1. Failure of imagination – The best explanation to most things in life is something that has never occurred to you. Most people fail because of a failure of imagination
  3. Thinking like a historian 
    1. History is extremely filtered and biased based on who wrote it. Every government writes its own version of history to brainwash its citizens no one history is objective everyone is slanted
    2. Don’t forget about the past but it is more productive to look forward to understand what the paths to success are rather than what has happened 
    3. Slippery slope – things will continue on their path until they go too far. Almost everything can be considered a slippery slope so it’s more productive to look at forces and systems
    4. Privacy is overrated. Sometimes it helps but context is important. When gay men started coming out, their lack of privacy helped their cause 
  4. Thinking like an engineer 
    1. A new expert will always call the work of the previous expert a joke
    2. The one variable illusion – people look for a silver bullet when in reality almost always multiple variables matter
  5. Thinking like a leader 
    1. Directional truth filter – truth has two important aspects: accuracy and direction. If you don’t know which one is more important, you might be falling to loserthink. Getting the direction right is almost always important but being 100% precise is only sometimes so
    2. Confusing hyperbole with legitimate opinion – make sure you know which you are dealing with
    3. Systems vs goals – a good system is doing something on a regular basis to increase your odds of doing something productive even if you don’t exactly know the final outcome 
  6. Thinking like a scientist 
    1. Coincidences are more than likely simply confirmation bias. We are surrounded by coincidences and most mean nothing at all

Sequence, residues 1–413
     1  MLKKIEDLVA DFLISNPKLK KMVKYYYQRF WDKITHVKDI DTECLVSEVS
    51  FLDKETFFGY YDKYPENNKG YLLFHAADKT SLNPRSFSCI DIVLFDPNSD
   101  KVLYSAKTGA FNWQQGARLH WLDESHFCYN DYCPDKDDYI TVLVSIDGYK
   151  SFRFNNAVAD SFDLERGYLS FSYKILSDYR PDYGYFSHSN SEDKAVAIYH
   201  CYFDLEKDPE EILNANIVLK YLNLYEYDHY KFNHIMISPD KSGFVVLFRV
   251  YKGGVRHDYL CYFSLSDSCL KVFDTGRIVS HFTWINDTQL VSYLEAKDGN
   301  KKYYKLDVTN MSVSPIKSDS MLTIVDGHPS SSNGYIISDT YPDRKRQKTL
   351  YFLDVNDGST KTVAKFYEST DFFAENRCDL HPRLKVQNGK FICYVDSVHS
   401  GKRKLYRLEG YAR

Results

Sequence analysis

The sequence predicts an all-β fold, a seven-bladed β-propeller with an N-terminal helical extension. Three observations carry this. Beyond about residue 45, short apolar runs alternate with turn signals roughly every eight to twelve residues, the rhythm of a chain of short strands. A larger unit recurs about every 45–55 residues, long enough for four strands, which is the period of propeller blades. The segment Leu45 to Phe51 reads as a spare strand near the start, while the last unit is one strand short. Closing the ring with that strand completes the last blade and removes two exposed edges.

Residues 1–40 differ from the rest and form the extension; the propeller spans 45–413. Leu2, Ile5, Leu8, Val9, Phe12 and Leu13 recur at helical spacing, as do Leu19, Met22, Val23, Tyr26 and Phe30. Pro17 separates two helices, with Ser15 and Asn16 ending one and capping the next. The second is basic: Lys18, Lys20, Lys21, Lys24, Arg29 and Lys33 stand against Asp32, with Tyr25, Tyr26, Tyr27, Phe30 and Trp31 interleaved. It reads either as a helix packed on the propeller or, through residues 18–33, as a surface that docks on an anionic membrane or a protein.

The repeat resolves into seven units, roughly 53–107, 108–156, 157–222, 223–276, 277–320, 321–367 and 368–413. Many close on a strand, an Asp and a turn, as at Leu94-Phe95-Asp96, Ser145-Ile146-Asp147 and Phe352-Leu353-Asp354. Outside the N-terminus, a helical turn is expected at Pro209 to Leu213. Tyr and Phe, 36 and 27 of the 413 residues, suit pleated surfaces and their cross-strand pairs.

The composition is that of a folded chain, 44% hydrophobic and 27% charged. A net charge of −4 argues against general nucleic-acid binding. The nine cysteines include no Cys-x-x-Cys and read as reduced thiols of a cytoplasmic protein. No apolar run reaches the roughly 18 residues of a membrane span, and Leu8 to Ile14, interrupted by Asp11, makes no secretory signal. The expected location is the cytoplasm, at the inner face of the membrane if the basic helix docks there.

2. Anecdotes – beware drawing patterns or assigning too much confidence in anecdotes
    3. Inversion – always ask what if the opposite were true. Beware forming opinions too early and always realize that you could be wrong 
    4. Judging a group by its worst members – beware falling for this mistake
    5. Proving a negative – can’t be done and best you can do is say it hasn’t been detected or found up to this point 
  7. Thinking like an entrepreneur 
    1. Couch lock – do what you can do, not what you can’t do. This will give you a small step to take, leading to the next, building momentum. Small but steady and consistent steps is how big things happen in a lot of realms. The effort in totality is humongous but in any given day it is manageable 
    2. Leave your lane – pick up different skills from different realms. This makes you more valuable and gives you different perspectives
    3. Sense of control – people who think they can control their situations are more likely to do so
    4. Humility and testing – be aware that you are probably overconfident but this should not stop you from experimenting. You learn from failure as long as it doesn’t take you out of the game completely. Find ways to start small so that nobody gets hurt
  8. Thinking like an economist 
    1. You can expect bad behavior when there is money to be had, when the chance of being caught is low, and lots of people are involved 
    2. The ends justify the means. Must consider all the costs and benefits that goes into a decision – ethically, morally, pragmatically, emotionally, financially…